Magneto-thermal Disk Wind from Protoplanetary Disks
Bai et al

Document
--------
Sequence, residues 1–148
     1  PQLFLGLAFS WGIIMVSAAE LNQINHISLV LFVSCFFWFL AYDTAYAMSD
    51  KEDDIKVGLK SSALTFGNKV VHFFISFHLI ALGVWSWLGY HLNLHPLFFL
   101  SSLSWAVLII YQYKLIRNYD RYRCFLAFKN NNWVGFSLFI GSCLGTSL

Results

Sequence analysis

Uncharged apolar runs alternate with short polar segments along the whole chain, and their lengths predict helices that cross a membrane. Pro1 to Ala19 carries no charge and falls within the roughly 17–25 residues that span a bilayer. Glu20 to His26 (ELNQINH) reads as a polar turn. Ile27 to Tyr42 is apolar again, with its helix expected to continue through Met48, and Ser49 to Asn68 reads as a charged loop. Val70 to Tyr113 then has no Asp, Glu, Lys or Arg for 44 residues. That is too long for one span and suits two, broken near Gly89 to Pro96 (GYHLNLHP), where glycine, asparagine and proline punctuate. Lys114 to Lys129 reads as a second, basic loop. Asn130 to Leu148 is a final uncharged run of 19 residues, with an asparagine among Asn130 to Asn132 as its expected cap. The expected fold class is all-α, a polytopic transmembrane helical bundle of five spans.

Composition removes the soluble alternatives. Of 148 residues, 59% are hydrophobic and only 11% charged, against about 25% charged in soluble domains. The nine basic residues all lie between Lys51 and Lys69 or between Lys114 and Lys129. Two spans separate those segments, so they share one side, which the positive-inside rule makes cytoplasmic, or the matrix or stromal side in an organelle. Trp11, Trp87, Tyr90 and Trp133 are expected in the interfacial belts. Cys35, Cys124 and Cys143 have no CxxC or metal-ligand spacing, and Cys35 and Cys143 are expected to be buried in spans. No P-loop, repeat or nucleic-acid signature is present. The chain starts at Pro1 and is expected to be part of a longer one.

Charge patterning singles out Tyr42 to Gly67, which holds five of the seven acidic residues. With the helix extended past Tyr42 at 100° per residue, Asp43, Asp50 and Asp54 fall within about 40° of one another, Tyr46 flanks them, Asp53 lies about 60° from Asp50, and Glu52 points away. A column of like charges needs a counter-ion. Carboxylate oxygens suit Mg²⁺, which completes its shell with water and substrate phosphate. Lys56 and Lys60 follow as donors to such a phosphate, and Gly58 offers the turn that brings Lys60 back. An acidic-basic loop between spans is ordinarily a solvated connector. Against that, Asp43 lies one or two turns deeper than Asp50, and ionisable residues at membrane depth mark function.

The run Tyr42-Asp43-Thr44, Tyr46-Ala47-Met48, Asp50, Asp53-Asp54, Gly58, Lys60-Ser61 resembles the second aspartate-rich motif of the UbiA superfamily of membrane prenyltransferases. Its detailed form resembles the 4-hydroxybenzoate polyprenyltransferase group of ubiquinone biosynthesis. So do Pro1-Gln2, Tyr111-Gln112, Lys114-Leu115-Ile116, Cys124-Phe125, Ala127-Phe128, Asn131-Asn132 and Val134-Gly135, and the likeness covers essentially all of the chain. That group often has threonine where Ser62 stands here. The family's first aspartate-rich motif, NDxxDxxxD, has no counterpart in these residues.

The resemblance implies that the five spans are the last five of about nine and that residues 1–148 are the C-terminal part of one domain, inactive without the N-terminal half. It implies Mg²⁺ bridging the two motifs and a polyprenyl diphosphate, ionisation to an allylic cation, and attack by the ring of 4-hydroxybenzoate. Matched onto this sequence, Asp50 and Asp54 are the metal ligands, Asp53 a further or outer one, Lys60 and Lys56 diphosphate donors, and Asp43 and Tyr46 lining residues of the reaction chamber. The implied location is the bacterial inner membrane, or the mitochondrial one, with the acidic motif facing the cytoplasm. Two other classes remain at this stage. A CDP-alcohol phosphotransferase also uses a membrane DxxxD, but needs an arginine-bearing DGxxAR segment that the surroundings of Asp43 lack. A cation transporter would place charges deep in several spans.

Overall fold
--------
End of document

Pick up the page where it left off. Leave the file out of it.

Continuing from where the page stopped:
Global evolution and dispersal of protoplanetary disks (PPDs) is governed by disk angular momentum transport and mass-loss processes. Recent numerical studies suggest that angular momentum transport in the inner region of PPDs is largely driven by magnetized disk wind, yet the wind mass-loss rate remains unconstrained. On the other hand, disk mass loss has conventionally been attributed to photoevaporation, where external heating on the disk surface drives a thermal wind. We unify the two scenarios by developing a 1D model of magnetized disk winds with a simple treatment of thermodynamics as a proxy for external heating. The wind properties largely depend on 1) the magnetic field strength at the wind base, characterized by the poloidal Alfv\'en speed vAp, 2) the sound speed cs near the wind base, and 3) how rapidly poloidal field lines diverge (achieve R−2 scaling). When vAp≫cs, corotation is enforced near the wind base, resulting in centrifugal acceleration. Otherwise, the wind is accelerated mainly by the pressure of the toroidal magnetic field. In both cases, the dominant role played by magnetic forces likely yields wind outflow rates that well exceed purely hydrodynamical mechanisms. For typical PPD accretion-rate and wind-launching conditions, we expect vAp to be comparable to cs at the wind base. The resulting wind is heavily loaded, with total wind mass loss rate likely reaching a considerable fraction of wind-driven accretion rate. Implications for modeling global disk evolution and planet formation are also discussed.